DevCon Digest # 1. Dive into .NET
Hello, Habr! While we are preparing in full for our annual big DevCon conference , we decided that it would be nice for developers who will watch and listen to the conference reports and communicate with experts to deepen and refresh their knowledge to a conference.
Therefore, we decided to make weekly thematic collections of materials in one of the areas of the conference, gathering in one place recent news, new training materials, announcements of side events and other useful resources.
News & Articles
A detailed article by Immo Landwerth on the history of the creation of .NET Core, a new open, modular and cross-platform .NET platform that formed the basis of ASP.NET and .NET Native for modern touch devices.
CoreCLR is the .NET runtime engine in .NET Core, which includes garbage collection and compilation into native code. The article announces the publication of the engine in clear text on GitHub and reveals some details regarding the available code repository.
Scott Hanselman talks about how he studied the CoreCLR repository on GitHub using the recently announced PowerBI data analysis tool. Want to see statistics on code changes broken down by authors or hours? Scott shows how to do these and other queries using natural language.
In anticipation of the release of Visual Studio 2015, with which the Visual Basic language (the second most popular for .NET) will be updated, Lucian Wischik talked with the VB team. The 14th version of Visual Basic was completely rewritten from scratch (about 1.3 million lines of code in VB), - previous versions were written in C ++, and used this chance to rethink every part of the language. In this article, developers share their favorite moments: from improving the experience of writing code to new products in the language itself.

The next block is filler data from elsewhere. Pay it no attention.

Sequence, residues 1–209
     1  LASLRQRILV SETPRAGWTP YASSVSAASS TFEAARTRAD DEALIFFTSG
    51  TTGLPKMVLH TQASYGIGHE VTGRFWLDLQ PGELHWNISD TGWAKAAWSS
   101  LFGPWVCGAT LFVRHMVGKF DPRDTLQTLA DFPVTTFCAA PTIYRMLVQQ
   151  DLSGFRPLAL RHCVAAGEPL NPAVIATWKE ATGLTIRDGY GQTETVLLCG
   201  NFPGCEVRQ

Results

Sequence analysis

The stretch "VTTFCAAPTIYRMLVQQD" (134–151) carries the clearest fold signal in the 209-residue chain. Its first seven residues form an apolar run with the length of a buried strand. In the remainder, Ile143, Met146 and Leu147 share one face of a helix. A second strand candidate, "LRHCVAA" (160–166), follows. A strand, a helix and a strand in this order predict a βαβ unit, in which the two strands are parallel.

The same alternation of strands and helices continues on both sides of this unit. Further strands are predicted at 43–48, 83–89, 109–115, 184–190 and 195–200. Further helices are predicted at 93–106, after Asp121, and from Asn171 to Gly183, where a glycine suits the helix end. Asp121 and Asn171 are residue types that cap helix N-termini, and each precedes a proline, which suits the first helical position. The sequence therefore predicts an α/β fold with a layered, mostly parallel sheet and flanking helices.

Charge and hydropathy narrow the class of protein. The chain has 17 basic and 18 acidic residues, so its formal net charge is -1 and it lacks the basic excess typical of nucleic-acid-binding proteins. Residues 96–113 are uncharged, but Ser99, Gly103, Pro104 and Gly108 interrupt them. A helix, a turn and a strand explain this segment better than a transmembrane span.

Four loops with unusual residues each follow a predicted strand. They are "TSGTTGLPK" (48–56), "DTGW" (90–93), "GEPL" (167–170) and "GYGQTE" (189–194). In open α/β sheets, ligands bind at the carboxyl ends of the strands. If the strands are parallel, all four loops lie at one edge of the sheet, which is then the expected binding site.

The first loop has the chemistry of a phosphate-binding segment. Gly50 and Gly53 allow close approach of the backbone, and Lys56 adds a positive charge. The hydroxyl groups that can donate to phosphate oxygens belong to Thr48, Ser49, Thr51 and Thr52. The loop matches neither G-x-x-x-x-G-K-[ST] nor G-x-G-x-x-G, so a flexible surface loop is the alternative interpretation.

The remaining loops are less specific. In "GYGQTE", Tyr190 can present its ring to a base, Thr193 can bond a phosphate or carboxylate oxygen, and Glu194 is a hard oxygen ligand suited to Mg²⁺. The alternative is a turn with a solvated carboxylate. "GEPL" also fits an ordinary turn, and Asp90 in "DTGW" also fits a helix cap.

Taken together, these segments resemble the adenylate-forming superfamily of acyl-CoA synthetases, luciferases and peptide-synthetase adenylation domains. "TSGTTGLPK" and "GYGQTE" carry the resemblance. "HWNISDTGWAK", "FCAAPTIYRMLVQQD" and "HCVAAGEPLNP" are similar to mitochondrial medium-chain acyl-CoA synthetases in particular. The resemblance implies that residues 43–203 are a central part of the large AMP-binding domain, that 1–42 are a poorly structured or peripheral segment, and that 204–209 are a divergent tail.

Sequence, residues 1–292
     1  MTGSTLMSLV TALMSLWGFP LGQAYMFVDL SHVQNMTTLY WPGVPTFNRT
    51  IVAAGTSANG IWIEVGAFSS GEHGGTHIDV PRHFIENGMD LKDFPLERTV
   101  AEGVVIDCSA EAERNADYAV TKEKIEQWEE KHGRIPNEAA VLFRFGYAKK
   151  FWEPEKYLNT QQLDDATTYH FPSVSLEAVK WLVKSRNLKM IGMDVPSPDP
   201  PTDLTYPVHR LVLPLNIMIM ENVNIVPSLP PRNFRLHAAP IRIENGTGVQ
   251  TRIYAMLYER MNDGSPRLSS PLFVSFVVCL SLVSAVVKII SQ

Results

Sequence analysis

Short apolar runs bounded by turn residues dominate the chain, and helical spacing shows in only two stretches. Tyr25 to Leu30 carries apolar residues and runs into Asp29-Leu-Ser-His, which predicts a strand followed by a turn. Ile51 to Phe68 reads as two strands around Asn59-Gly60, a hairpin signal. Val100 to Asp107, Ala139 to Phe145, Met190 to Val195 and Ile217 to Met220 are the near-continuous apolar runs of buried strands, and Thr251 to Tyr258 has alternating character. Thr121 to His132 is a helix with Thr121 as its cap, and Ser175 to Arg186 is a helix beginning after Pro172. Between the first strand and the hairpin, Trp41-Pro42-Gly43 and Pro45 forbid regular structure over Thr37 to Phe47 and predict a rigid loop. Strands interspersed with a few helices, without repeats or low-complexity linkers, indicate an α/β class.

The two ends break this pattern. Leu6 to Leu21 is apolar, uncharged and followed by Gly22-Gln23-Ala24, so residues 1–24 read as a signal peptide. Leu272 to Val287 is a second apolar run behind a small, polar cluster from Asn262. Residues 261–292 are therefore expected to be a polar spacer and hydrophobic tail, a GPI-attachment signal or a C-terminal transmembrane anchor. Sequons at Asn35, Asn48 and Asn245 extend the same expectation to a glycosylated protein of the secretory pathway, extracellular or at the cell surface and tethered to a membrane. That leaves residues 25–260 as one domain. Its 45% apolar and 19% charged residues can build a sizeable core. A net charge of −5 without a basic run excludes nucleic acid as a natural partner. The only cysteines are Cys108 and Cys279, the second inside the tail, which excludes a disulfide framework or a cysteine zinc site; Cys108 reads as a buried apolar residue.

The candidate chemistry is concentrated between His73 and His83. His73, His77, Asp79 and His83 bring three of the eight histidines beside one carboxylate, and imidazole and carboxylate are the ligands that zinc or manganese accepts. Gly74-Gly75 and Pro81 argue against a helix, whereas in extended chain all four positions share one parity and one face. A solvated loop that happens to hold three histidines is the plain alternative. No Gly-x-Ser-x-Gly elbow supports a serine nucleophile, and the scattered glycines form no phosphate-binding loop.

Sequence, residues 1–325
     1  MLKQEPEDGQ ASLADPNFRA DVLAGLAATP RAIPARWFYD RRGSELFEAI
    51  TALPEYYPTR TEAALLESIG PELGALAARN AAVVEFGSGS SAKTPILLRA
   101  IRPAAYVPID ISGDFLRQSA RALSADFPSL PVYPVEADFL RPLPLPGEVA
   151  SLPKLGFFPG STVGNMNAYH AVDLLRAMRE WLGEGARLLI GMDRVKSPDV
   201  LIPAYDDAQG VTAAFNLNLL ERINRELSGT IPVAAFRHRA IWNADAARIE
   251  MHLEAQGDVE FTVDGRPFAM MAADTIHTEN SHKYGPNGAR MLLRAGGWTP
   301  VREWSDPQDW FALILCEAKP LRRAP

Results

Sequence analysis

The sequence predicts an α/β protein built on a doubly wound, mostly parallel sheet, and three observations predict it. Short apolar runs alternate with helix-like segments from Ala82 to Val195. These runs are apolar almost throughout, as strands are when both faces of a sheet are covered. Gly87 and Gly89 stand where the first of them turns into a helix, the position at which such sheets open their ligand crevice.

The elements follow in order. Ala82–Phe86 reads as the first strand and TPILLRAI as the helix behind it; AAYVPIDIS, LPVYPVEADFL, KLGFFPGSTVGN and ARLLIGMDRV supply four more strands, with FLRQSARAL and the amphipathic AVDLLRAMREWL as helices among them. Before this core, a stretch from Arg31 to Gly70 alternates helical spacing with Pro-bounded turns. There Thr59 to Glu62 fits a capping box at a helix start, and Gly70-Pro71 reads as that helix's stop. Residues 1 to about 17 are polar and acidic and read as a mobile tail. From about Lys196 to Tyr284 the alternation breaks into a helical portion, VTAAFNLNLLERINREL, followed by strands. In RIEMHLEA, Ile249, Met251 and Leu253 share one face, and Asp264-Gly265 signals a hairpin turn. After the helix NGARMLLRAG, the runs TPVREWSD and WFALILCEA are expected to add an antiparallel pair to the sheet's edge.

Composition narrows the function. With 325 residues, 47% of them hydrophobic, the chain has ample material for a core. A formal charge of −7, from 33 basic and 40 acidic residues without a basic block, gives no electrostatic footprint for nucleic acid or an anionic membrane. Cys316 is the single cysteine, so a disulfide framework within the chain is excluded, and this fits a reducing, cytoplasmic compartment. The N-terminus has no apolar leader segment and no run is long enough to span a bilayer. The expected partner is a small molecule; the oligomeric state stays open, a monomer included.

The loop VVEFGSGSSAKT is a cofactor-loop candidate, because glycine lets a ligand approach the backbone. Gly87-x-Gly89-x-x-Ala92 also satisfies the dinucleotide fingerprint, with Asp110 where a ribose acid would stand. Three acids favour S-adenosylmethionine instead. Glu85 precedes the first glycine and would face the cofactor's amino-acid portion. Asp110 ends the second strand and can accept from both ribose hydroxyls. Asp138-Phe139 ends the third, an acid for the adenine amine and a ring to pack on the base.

See also Lucian's article on the new features of VB 14 .
New C # 6 Features [En]
Mads Torgersen talks about the latest sixth version of C #, available with VS2015 Preview. C # 6 aims to make the programmer’s daily routine easier without adding new concepts, reducing the amount of code of the same type. In the article, Mads talks about many small improvements (like a conditional statement? .. and the nameof operator for resolving the names of program elements).
The language marathon of the issue concludes with an article by Lincoln Atkinson about new features on the functional field - the new version of F # with constructors as first-class functions, simplification of work with variable values and an expanded main library.
Continued article by Alex Turner on the creation of a regular expression analyzer using Roslyn. In a new article, Alex shows how to add tooltips with suggestions for fixing the code so that the developer can immediately see how the final code will look and, if necessary, automatically apply the corrections.
Hadi Brais talks about the optimizations used by the Visual C ++ compiler. The article discusses the main techniques used and discusses the decisions that the compiler must make for their application. The purpose of the article is not so much to teach you how to do similar manipulations yourself, but how to increase the credibility of the compiler above due to a better understanding of what it can do for you with your code.
Mini-conferences dedicated to the insides of CLR, Roslin, RyuJIT and CoreFx will be held in Moscow (April 3-4) and St. Petersburg (May 29-30).
Microsoft Virtual Academy Courses
One of the most viewed MVA courses for developers, designed for all those who are just going to learn how to program. Using simple examples (like a virtual turtle crawling around the screen) Dmitry Soshnikov acquaints students with the basics of the language and basic algorithms.
A new course from Dmitry Soshnikov and Tatyana Smetanina will introduce you to the diversity of the .NET platform and the wide possibilities of using C # in a variety of conditions: from the cloud to applications and the Internet of things.
Immersion in working with the C # language by Sergey Baydachny is a detailed course that provides both basics like structures, types and classes, as well as advanced topics, such as working with files and streams, collections, and asynchronous programming.
Project “Roslyn” is a complete renewal of the C # and Visual Basic compilers, exposing them as full fidelity APIs for everyone to use, and providing a great foundation for evolving the tool experience and the languages themselves. How can you make use of "Roslyn," and what new language features do we have in store? Come and see!
Record of internal training of Andrew Arnott for the .NET team.
The .NET team talks about conducting an API review: the overall process, working with the community, resolving compatibility issues, and the evolution of manuals.
By the way, if you want to see how it goes live, you can see the review of pool requests from GitHub for .NET Core.